How do I get cheap learner driver insurance?
Learning to drive should be a new and exciting experience but the reality is that passing your test and getting your licence can be stressful and expensive. The cost of a provisional licence and professional lessons can be an expensive commitment.
Insurance companies base their policy prices on risk. That’s why learner drivers with little driving experience who want an annual 12-month policy often struggle to find competitive insurance prices.
But there are ways that could help you save some money:
- Consider the car you drive
- Black box, or telematics
- Increase your voluntary excess
Consider the car you drive, if possible. Car insurance companies group all cars from 1-50 for insurance purposes. Generally, the higher the car insurance group, the more expensive your insurance is. Cars with more powerful engines, for example, are generally in higher insurance groups.
Black box, or telematics, is a type of policy that changes the price of your insurance based on how and when you drive. Your insurer tracks how you drive using an app or a device that’s plugged or installed in your car. They should reward safer driving with cheaper insurance. Telematics can be a great way to make car insurance more affordable for young and inexperienced drivers.
Increase your voluntary excess. Voluntary excess is the amount you’re willing to pay towards repairs in event of a claim, this can help reduce the price of your insurance. But remember not to go for more than you could realistically afford to pay if you needed to make a claim.
Need more help?
The driving test is regularly being updated to adapt to changes in driving technology and habits. In 2017, changes to the driving test included following directions from a sat nav. The independent driving part of the test also increased from 10 to 20 minutes.
Reversing around a corner is no longer part of the test, along with 'turn-in-the-road'. Instead you could be asked to do one of the following:
- Parallel park at the side of the road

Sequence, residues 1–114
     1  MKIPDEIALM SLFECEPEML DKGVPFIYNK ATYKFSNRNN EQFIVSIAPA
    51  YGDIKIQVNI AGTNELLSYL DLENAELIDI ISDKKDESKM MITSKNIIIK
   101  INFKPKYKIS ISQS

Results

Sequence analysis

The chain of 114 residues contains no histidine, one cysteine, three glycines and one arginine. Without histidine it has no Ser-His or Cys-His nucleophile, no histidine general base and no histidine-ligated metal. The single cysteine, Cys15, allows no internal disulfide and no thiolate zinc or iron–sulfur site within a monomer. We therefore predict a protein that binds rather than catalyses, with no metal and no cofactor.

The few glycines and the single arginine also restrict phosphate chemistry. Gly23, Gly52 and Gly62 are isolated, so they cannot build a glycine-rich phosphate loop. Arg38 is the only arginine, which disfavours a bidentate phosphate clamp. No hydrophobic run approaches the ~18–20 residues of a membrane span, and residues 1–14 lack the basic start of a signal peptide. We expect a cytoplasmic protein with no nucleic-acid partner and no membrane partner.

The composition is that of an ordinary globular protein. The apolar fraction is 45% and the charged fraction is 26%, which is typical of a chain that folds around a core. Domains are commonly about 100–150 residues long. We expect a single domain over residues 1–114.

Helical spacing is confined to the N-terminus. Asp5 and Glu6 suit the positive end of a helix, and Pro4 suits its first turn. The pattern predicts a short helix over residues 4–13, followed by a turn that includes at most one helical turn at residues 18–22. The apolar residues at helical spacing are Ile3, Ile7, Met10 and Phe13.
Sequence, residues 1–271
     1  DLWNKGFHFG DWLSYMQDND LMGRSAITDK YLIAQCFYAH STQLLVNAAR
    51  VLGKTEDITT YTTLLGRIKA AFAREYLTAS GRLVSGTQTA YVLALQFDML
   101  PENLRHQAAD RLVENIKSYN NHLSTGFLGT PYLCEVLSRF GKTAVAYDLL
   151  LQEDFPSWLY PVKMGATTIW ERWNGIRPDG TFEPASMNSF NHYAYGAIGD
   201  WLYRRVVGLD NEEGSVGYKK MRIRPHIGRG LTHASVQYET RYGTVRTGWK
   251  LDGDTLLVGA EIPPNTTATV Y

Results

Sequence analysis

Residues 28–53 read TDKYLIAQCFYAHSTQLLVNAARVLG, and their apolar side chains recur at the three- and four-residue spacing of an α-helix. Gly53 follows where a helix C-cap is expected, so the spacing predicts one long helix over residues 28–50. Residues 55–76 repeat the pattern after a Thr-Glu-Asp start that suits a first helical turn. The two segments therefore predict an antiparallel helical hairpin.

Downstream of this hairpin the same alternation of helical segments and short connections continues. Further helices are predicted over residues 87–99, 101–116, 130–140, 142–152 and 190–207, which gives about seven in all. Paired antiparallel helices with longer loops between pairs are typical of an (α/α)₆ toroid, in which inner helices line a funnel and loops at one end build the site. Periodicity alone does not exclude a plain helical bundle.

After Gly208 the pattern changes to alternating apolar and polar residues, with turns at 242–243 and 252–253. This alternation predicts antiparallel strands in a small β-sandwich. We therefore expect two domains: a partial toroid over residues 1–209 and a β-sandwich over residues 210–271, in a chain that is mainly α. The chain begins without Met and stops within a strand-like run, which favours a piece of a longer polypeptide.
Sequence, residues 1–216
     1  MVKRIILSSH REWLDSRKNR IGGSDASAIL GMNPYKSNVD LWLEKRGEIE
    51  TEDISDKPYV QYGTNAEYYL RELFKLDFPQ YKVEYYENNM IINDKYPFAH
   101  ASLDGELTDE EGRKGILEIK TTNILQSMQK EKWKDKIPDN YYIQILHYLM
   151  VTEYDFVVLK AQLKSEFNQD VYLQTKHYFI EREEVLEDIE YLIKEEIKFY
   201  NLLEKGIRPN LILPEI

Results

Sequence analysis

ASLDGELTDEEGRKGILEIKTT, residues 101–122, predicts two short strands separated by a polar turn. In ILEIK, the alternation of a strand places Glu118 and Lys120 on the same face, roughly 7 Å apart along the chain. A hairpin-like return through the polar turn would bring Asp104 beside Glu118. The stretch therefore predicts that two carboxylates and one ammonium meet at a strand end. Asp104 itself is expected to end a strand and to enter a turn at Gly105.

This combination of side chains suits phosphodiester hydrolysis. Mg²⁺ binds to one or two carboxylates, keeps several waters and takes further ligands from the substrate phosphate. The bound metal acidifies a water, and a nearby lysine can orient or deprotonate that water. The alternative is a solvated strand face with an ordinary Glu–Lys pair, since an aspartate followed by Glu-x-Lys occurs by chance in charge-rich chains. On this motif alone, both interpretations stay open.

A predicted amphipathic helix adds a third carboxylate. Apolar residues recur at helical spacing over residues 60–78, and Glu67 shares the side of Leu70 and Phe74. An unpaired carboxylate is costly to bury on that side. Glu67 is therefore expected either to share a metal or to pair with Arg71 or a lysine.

- Pull up on the right-hand side of the road reverse for 2 car lengths and rejoin traffic
- Park in a bay- driving in and reversing out, or reversing in and driving out
The Highway Code is also under regular scrutiny. In January 2022, several Highway Code rules were changed including:
- Changes to the hierarchy of road users
- New rules around giving way to pedestrians
- Updated rules around overtaking cyclists and vulnerable road users
Yes, learners can drive at night as long as you’ve got a qualified driver with you in the car. Some advanced driving courses like Pass Plus provide extra training for night driving. But it’s perfectly legal to do so while you’re still learning.
It’s up to the owner of the car how often named drivers can use their car. From an insurance point of view, it’s important that the owner is the one who drives more. Insuring a younger inexperienced driver as a named driver and letting them drive it more than you is called car insurance fronting. This is illegal and could invalidate your policy.
No. Dual insurance is when you have 2 people being insured to drive the same car on 2 policies. This could be someone taking out a temporary car insurance policy instead of a single policy being used to insure a main driver and a named driver.
If you have a provisional licence you need learner driver insurance to drive your own car. The benefit is that you get to drive your car legally and aren’t at risk of being caught driving without insurance.
Access to a family car gives you more opportunity to practice driving and could reduce the number of lessons you need to shell out for. By using your own policy on a family member’s car, their all-important no-claims bonus isn’t affected if you need to claim.
You won’t need to supply your insurer with specific documents to get a learner driver insurance quote. But you do need the details of your provisional driving licence to hand.
Your learner driver insurance isn’t valid once you’ve passed your test and have a full licence. You either need to get your insurer to update your policy or cancel it and get a new one. If you’ve taken your test in your own car, check that your instructor or another driver is covered to drive you home.
These are 2 different names for the same policy. They cover learner drivers with provisional licences while they practice driving with a family member or friend.
Anyone can supervise a learner driver, so long as:
- They’re over the age of 21
- They’ve held a full licence for at least 3 years
No. One of the key benefits of taking out your own insurance to drive somebody else’s car is that their no-claims bonus isn’t affected if you need to claim.
It’s illegal for a learner driver to be alone on the road. You must be with a qualified driver at all times while you’ve still got your provisional licence.
If you’re caught driving alone, you could get a fine and points on your licence.